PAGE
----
Butterfly Privilege

This is a wasp (Vespula vulgaris):

Wasps can sting. What do you usually do if you see one? Run away? Swat at it with a rolled up magazine? Panic? But what are the chances of the wasp actually stinging you? Quite low, unless it perceives you as a threat. But still, many of us are afraid and our first instinct is to remove ourselves from the situation or remove the wasp, generally by squishing it by some means.

Ok, now what about this creature?:

It has black and yellow stripes. It looks kind of scary. Do you react in the same way? Many people do. We make assumptions. We see black and yellow and assume this is a scary insect that will sting us given half a chance. But this is a hoverfly. It doesn’t have a sting. It can’t harm you in any way.

Our conditioning has taught us that black and yellow stripes are bad. We don’t look closer and get to know the insect, we just react with fear because we have come to believe in this stereotype. We may not be aware of what we’re doing, we just react.

But if we want to enjoy being outside among nature, we need to learn that our conditioning has got it wrong. Not all black and yellow insects are bad. Even the ones we can categorise as bad in some way (stings) are actually kind of amazing. Wasps eat things like aphids and caterpillars – so if you’re a gardener they can be pretty helpful. They are also pollinators, like bees. They are capable of building amazing architectural nests too. And most of the time, they have no impulse to harm us.

So can you get over your fear and look a little closer? Learn a little about those black and yellow buzzing creatures?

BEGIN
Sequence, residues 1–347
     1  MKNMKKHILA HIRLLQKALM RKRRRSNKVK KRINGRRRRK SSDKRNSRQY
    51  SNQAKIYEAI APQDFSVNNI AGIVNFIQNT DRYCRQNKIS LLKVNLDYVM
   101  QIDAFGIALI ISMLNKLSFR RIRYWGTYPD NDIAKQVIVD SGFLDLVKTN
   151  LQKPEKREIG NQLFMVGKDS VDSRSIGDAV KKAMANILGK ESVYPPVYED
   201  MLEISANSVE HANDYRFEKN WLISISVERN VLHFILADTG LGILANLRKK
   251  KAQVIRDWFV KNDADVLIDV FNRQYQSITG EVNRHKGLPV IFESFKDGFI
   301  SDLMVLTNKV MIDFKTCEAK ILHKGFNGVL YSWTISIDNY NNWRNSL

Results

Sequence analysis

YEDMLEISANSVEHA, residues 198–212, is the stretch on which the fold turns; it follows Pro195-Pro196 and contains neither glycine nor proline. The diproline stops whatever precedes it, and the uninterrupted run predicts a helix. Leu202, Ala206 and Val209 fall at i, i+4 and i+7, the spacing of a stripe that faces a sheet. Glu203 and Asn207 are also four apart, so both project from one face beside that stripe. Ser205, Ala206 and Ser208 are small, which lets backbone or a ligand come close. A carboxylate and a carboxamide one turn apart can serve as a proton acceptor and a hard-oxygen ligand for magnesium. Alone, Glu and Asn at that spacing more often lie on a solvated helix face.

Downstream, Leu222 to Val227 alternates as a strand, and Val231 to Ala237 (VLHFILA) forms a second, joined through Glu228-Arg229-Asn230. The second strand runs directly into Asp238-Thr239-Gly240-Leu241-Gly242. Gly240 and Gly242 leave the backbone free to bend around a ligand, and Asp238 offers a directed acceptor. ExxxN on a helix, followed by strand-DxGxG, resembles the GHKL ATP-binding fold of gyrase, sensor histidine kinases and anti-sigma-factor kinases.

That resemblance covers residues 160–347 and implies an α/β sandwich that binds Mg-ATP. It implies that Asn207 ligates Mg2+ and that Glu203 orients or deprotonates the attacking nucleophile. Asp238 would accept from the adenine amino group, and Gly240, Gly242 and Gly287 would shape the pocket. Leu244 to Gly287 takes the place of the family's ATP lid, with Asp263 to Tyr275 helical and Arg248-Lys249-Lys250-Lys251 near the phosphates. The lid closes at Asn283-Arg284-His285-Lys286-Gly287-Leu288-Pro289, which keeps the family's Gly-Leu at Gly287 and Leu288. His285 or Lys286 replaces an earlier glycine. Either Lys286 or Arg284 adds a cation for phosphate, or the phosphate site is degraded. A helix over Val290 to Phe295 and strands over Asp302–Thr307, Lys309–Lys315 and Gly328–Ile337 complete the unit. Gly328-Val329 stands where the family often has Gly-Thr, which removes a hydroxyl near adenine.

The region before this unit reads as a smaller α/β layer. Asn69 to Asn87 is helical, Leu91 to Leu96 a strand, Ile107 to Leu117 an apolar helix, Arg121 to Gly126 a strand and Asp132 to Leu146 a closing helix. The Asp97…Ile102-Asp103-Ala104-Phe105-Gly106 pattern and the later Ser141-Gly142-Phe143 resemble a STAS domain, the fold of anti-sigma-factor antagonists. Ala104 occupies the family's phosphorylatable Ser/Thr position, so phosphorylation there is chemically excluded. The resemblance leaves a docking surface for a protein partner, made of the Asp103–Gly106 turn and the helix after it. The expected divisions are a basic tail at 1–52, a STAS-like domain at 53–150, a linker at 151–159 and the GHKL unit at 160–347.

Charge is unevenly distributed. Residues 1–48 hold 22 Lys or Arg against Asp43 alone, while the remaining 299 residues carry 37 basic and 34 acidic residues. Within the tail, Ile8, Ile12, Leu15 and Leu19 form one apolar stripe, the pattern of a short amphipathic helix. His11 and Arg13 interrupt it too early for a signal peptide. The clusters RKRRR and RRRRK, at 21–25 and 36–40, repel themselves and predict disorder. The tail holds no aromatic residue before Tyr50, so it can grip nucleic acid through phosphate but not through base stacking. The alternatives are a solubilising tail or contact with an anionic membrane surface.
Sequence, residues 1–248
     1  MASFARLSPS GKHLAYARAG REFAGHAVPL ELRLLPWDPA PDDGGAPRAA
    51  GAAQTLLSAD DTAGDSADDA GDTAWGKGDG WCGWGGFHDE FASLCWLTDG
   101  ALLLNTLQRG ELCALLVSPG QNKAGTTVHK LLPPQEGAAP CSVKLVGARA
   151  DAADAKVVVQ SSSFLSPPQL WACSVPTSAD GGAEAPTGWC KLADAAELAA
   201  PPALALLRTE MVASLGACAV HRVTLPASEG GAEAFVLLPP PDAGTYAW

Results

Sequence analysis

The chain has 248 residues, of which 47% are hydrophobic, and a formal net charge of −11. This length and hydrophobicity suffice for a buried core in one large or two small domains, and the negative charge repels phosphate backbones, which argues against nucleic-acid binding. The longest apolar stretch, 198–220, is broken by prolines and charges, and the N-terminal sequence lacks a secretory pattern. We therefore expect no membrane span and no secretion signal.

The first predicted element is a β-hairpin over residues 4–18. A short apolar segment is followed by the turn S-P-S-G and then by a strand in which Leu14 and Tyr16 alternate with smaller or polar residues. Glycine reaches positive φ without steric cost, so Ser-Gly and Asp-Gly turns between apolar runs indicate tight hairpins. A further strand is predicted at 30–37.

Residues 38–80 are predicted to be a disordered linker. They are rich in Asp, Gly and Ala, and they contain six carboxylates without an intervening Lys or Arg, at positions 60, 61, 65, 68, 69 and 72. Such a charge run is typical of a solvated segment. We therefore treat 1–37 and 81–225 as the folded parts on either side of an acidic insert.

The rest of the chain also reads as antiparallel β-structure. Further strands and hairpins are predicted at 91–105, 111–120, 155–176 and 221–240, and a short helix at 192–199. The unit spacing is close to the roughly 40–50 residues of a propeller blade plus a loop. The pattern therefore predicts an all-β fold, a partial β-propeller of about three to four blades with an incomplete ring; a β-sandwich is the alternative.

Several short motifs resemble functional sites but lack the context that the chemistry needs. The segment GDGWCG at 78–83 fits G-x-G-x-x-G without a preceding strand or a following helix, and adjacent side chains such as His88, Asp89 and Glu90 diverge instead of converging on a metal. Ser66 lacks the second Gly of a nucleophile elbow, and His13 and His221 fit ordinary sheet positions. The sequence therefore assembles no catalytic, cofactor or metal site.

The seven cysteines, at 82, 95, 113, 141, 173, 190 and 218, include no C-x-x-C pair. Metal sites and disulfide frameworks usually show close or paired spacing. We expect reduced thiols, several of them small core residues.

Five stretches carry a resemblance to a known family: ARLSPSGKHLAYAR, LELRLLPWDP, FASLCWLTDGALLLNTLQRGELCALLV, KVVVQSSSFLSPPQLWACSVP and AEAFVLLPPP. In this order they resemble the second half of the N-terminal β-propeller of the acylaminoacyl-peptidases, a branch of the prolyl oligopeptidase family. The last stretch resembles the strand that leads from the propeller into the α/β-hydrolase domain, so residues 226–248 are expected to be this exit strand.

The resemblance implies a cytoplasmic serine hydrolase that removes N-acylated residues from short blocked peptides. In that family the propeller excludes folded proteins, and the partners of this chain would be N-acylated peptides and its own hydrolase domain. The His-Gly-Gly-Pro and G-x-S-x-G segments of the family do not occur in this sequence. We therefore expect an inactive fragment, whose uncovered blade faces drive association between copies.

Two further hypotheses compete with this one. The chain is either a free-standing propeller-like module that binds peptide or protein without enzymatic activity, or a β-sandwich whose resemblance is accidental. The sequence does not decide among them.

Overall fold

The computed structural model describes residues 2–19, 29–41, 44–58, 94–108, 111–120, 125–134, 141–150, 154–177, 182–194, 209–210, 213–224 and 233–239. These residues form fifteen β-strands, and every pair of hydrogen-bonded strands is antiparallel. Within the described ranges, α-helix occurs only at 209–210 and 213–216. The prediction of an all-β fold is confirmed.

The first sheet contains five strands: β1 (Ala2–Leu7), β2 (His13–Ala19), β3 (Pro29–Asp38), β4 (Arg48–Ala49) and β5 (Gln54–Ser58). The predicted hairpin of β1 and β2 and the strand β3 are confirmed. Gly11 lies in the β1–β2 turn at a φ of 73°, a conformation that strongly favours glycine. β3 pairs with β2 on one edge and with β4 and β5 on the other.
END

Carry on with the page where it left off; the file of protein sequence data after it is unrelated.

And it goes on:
Insects that don’t have black and yellow stripes are lucky. They didn’t do anything special, they were just born that way.

Think about a butterfly:

Not many people are afraid of butterflies. Imagine one landing on your hand. Imagine how you’d feel awe and wonder, looking at its beautiful wings.

Just by being born a butterfly (well, technically born a caterpillar if you’re being picky), this insect can go around seeking nectar, flying around, and nobody looks at it funny. Nobody runs away screaming, nobody tries to swat it and squish it. It didn’t do anything to deserve more respect, it was just born a butterfly.

I am a white person. I am a butterfly. I don’t think I’m better than anyone, I don’t think I’m prettier, I don’t think I’m more worthy of your respect or interest. I’m not going around telling people not to trust black & yellow insects, I’m not treating black & yellow insects badly, I’m not encouraging humans to run away or squash them. But, by being born a butterfly, I have privilege. Butterfly privilege. White privilege. And what I am learning is that despite my knowledge that colour doesn’t make one insect or human better than another, I am still privileged.

Butterflies have short lives. They get eaten by birds. Their caterpillars are popular food for baby birds. They struggle when it’s windy. Their life is not easy by any means. But they are still privileged. Just by their nature.

It’s hard to realise that you are part of the problem when you feel strongly that colour shouldn’t matter, when you think that all humans are equal, all humans are human. But when you have lived your life as a white person, you have not had to deal with the racism that black people (and other ethnic groups) have dealt with since the day they were born. You are privileged, just by your nature. It’s time to stand up as a white person and say that this is wrong. This is not how it should be. It’s time to not just stand by as black lives are cut short, black lives are laced with fear, black lives are not given the same respect that white lives are.

There are black and yellow insects that sting, and there are black and yellow insects that don’t sting. There are good white people, and there are bad white people. There are good black people, and there are bad black people. In fact there are just people. People who are all a little bit bad, a little bit good, it’s not that clear cut, nobody’s all good or all bad, nobody’s perfect. The point is, nobody should be treated with less respect because of the colour of their skin.

Black lives matter.

Published by Suzy Shipman

I like to take photos and write words ...

One thought on “Butterfly Privilege

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